Gender and Sports -Some Observations

Gender refers to the socially constructed differences between women and men. It draws attention to the socially unequal distribution between femininity and masculinity. Studies of sports highlight the importance of distinguishing between gender and sex though the two concepts are used synonymously in everyday language and thought. Since the 1970s, research has demonstrated that sports are gendered social contexts in which, compared to girls and women, boys and men are more actively and enthusiastically encouraged to participate. Furthermore, it is demonstrated that more males than females participate in organized competitive sports and that male dominance characterizes the administration and training of sports, too. Associated with masculine imagery, sports serve to legitimize a perceived natural superiority of men and reinforce the inferiority of women, who are defined with reference to relative weakness, passivity and grace the characteristic of femininity. Therefore, sports have often been described as a 'male preserve' (Malcom, 2008:116). Social changes reflecting the condition of women in society influence the status of knowledge about the relationships between and within groups of women and men in sports. Since the 1970s, one consequence of feminist movement has been increased public awareness about the need for more opportunities for girls and women in sports. Subsequently, participation rates among some females increased at the regional, national and international sports events. These developments have resulted in ongoing challenges to gender stereotyping, resistance and negotiation of established gender ideology, and the initiation of important legal and political change regarding sex discrimination in sports and society. Hence, the new area of research on gender in sports has come of an age in anthropology and sociology, mainly. Feminist scholars from social and cultural anthropology and sociology have provided the most sustained attempts at conceptualizing and understanding gender in their studies of sports in culture.

Contemporary sports are truly global phenomena, bringing shared experiences to a worldwide audience - yet sports are not universally inclusive. Sports are considered the arena where traditional gender identities are constructed, reinforced, and contested [8]. The present article in a nutshell examines briefly the relationship between sports and gender. Its focus is on the anthropological significance of sports in contributing to the gender order. Finally, the article is concerned with how sports itself influence contemporary gender relations and also how sports can be used as a vehicle to challenge contemporary gender relations. Therefore, anthropological discourse views the women' under-representation in sports has a long history and is loosely associated with traditional views of gender relations. Historically, women have faced formal and informal restrictions on their sports participation, and played little role in the production of sports. Anthropological observations on the same milieu also depict that although social attitudes to men and women have become less restrictive, the modern female socialization (under the process of gender socialization) process continues to emphasize a form of femininity that gives little value to sports. At the beginning of the twenty-first century, women still occupy a marginal position in sports in virtually every country in the world.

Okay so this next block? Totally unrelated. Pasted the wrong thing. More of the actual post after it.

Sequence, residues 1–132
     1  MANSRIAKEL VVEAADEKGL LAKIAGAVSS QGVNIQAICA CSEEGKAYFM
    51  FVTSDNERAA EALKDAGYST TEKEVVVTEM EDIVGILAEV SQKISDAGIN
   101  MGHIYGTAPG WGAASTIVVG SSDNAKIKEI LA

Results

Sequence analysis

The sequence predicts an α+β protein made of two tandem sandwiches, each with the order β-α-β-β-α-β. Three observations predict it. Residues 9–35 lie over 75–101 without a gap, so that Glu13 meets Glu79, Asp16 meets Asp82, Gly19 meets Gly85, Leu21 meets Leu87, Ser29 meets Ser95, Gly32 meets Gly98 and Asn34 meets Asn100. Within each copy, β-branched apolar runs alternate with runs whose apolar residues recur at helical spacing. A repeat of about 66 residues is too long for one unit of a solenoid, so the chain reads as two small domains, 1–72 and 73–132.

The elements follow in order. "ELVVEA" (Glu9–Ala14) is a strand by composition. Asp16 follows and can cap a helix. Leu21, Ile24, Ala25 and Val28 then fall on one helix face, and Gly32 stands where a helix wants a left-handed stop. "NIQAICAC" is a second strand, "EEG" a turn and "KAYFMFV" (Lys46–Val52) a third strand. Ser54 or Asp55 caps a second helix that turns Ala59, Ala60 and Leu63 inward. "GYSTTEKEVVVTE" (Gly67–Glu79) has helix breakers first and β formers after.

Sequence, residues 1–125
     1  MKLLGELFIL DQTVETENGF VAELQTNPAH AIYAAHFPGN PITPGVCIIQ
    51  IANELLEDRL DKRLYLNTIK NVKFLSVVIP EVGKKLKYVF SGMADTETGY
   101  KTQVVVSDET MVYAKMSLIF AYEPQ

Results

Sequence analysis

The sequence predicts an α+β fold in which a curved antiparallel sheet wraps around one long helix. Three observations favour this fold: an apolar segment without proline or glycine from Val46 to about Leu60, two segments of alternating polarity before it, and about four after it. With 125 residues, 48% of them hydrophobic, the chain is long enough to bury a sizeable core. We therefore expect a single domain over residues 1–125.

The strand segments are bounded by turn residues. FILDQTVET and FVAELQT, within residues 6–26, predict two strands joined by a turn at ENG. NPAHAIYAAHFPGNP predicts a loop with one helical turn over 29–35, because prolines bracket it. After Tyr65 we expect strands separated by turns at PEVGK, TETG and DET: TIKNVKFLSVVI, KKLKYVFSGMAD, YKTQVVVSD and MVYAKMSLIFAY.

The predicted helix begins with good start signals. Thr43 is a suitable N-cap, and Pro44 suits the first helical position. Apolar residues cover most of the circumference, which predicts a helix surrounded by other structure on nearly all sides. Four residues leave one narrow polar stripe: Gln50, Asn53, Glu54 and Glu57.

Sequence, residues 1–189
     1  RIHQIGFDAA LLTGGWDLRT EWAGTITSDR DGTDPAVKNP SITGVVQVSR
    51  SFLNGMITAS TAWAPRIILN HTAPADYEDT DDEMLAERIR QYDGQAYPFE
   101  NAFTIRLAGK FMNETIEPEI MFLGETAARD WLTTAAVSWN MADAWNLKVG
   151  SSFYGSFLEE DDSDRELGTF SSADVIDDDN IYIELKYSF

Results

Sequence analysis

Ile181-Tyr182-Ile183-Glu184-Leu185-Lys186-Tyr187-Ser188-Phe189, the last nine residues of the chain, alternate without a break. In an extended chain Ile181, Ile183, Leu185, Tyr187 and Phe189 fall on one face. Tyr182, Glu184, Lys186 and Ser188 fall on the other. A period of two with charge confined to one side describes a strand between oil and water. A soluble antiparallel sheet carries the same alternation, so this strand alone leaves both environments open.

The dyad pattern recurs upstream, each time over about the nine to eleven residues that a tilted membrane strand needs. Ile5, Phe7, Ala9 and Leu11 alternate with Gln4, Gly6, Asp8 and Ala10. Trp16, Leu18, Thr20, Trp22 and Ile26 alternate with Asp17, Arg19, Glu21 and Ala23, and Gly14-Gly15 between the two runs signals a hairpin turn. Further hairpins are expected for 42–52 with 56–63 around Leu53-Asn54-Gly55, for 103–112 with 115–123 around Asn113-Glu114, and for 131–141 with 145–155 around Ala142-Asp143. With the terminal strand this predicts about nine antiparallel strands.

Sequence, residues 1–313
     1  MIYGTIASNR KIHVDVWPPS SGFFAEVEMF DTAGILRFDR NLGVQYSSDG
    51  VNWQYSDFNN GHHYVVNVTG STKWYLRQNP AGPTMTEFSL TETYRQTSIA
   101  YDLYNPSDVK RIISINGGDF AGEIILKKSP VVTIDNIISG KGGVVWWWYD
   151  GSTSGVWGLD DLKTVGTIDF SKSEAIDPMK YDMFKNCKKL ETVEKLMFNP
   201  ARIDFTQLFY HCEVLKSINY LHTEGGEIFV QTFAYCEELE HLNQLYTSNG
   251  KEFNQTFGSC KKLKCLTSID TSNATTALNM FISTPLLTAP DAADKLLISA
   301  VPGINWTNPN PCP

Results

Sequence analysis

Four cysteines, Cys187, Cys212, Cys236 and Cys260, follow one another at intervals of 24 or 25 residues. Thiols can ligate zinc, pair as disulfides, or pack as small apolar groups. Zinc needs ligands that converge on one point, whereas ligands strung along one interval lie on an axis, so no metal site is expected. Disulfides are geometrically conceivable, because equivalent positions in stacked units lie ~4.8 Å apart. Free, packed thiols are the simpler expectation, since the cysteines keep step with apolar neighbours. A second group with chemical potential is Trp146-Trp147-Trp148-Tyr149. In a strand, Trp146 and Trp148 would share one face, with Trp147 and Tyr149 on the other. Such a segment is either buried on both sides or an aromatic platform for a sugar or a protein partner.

Societal distinctiveness for females to be involved in sports is reinforced by resistance within the sports establishment. Men dominate all areas of sports provision including the sports media, creating a masculine ethos that pervades sports. Policies that promote gender equity within sports can face considerable resistance, and may be negated by the stronger forces of professionalization which characterize modern sports. The status of sports as a major social institution lends a special significance to women's subordinate position within it. Sports naturalizes differences between men and women as biologically determined and thus contributes to the construction of discriminatory gender relations. Addressing gender discrimination within sports offers to potential to challenge gender disadvantage as a whole [9].